Smoke and mirrorless

A Sony A7C digital mirrorless camera. COURTESY SONY

I haven’t talked much about digital mirrorless cameras in this space for the simple fact that I haven’t had much experience with them. I’ve read about them and even held one in my hands but that’s it. Mirrorless cameras were first introduced around 2008. By 2018 they accounted for nearly half of all camera sales. While Canon is the leader in total camera sales, Sony was the first to dip their toes into the mirrorless waters and still leads that segment of the market. The other companies, including Canon, were late to the game and are playing catchup.

A Nikon D5 DSLR camera, left, and a Nikon Z6 digital mirrorless camera, right. COURTESY NIKON

DSLRs and mirrorless cameras are similar in layout and function and both incorporate interchangeable lenses. Image quality are nearly indistinguishable between the two.


First, a primer on how a DSLR works. DSLR stands for Digital Single Lens Reflex. The basic design harkens back to the old film Single Lens Reflex (SLR) cameras. The way they work is light comes into the camera though the lens. In the camera body a small mirror bounces the incoming light and image straight up. The light is then bent again in the pentaprism, that big bulge at the top of the camera, and out where it can be seen through viewfinder. When a picture is taken, the mirror quickly swings up and out of the way, the shutter opens and the light strikes the film. In today’s DSLRs it’s much the same except the film and film transport mechanism have been replaced by a digital sensor, electronic circuitry and algorithms.

The NIKON Z6 II digital mirrorless camera. COURTESY NIKON

As the name suggests mirrorless cameras eliminates the mirror and pentaprism resulting in camera that’s smaller and lighter than a DSLR. Its size is somewhere between a point-and-shoot camera and a DSLR. The small hump at the top some mirrorless cameras house a small digital monitor in the viewfinder.

The Sony Alpha 1 digital mirrorless camera. COURTESY SONY

Frame rate, or how many frames per second a camera can shoot, is important to sports photographers. As you might suspect a mirror/shutter physically can only travel so fast. The Canon 1Dx’s 14-fps is probably close to that mechanical limit. Sony’s Alpha 1 mirrorless electronic shutter can shoot up to a phenomenal 30-fps.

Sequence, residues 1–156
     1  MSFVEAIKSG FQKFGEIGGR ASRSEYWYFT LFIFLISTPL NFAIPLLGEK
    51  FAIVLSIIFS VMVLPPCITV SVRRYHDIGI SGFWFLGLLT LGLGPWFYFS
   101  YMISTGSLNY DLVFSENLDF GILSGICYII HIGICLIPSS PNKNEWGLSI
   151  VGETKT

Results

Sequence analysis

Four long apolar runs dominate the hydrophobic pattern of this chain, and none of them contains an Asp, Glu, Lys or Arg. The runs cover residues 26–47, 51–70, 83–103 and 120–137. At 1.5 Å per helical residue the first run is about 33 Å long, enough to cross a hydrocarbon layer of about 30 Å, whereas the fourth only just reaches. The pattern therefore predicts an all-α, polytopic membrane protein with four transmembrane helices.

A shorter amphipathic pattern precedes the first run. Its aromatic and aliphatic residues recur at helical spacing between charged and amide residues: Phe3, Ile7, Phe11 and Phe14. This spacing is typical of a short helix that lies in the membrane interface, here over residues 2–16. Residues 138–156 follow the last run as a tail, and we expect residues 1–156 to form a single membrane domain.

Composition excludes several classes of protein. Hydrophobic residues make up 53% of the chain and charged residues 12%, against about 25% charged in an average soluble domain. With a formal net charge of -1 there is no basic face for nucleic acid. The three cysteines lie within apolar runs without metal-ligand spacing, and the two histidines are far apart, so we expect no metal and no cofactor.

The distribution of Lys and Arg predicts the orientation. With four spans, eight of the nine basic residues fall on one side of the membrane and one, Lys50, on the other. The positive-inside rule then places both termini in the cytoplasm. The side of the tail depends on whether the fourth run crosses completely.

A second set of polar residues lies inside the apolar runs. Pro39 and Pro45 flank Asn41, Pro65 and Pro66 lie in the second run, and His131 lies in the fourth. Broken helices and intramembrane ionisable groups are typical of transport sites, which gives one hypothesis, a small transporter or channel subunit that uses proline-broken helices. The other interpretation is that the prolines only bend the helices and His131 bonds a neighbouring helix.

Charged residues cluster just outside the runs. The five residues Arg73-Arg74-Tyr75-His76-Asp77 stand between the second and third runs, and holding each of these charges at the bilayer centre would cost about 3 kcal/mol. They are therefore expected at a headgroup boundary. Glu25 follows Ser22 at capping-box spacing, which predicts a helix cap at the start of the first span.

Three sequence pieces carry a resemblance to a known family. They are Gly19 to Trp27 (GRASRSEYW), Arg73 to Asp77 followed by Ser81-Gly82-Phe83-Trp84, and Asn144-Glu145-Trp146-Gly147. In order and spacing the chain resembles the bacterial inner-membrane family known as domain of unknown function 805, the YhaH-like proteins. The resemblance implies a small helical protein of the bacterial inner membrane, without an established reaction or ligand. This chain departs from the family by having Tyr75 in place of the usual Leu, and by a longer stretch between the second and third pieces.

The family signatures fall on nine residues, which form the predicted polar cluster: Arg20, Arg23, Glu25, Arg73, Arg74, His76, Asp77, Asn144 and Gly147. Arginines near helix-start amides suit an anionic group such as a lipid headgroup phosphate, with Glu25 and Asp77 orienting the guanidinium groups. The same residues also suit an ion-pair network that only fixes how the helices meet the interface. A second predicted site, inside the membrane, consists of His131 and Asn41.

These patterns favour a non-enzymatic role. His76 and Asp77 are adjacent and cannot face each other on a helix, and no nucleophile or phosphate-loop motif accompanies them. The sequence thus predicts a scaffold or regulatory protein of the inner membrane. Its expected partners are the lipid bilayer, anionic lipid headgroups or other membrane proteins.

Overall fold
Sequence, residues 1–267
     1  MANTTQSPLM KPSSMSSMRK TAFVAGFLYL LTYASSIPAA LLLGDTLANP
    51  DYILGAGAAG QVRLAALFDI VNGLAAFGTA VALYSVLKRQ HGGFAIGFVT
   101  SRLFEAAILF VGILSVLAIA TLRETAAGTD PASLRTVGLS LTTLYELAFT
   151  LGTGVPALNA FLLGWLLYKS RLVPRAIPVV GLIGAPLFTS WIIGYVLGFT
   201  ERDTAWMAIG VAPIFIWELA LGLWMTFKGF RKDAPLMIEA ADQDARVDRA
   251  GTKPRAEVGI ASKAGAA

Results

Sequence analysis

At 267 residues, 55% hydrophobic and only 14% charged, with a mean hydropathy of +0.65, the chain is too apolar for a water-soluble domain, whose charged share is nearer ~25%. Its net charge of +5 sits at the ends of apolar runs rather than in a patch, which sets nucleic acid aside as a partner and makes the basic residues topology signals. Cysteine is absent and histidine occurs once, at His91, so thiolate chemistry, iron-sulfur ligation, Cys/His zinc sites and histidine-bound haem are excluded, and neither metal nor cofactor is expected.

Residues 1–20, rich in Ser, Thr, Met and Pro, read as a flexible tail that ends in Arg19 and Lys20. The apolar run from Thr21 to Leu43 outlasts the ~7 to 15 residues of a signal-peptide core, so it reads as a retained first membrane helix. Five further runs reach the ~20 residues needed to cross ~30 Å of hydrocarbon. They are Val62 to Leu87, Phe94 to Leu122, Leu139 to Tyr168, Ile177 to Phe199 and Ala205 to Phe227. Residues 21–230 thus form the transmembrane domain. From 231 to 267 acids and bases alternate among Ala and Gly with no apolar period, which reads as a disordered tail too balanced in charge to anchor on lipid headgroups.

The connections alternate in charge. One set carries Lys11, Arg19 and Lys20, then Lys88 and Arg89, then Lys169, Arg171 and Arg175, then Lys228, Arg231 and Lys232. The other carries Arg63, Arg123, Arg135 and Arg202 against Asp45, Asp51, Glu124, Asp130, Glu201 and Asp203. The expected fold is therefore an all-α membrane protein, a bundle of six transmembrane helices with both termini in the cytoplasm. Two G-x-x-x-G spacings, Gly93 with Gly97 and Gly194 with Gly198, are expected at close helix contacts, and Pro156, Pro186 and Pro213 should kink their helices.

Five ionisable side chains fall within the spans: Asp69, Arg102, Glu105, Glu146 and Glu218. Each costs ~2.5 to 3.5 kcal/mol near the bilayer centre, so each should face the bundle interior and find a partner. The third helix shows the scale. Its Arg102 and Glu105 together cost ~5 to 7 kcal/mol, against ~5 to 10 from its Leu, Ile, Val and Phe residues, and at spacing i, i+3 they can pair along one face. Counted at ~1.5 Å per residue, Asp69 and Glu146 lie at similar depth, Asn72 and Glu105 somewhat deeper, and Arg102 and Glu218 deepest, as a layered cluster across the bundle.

The Canon EOS R5 digital mirrorless camera. COURTESY CANON

You’ve probably heard the clicking of cameras while watching a news press conference on TV. Much of that sound is what’s known as mirror slap in a DSLR. A mirrorless camera eliminates much of that sound. In fact, many mirrorless cameras can be completely silent, an advantage when shooting in quiet courtroom or funeral situations.

The Canon EOS M50 digital mirrorless camera. COURTESY CANON

The lenses are not compatible between DSLRs and mirrorless cameras. And, because mirrorless cameras are relatively new, their selection of lenses are limited when compared to DSLRs, so far. However, most manufacturers have made adapters to that you can use your old lenses with the new mirrorless bodies.

The Sony A7c digital mirrorless camera. COURTESY SONY

Early models reportedly suffered from “viewfinder lag” resulting from processor lag and slow display refresh rates. This meant that the images seen in the viewfinder lagged slightly behind what was actually happening. Newer cameras have improved so much so that this doesn’t seem to be much of a problem anymore.

The NIKON Z6 II digital mirrorless camera. COURTESY NIKON

Mirrorless cameras’ smaller size can be a boon for those with small hands, but photographers with big mitts can find the small cameras too small and controls hard to manipulate.

The NIKON Z7 digital mirrorless camera. COURTESY NIKON

Mirrorless cameras have challenges with battery life. Because the sensor is constantly on, mirrorless batteries don’t last as long between charging as DSLRs do. I can go for more than a week before charging up my DSLR. Depending on the model, mirrorless cameras can shoot from 300 to 700 frames on a charge. That may sound like a lot, but I can shoot more than 700 frames during a single sporting event.

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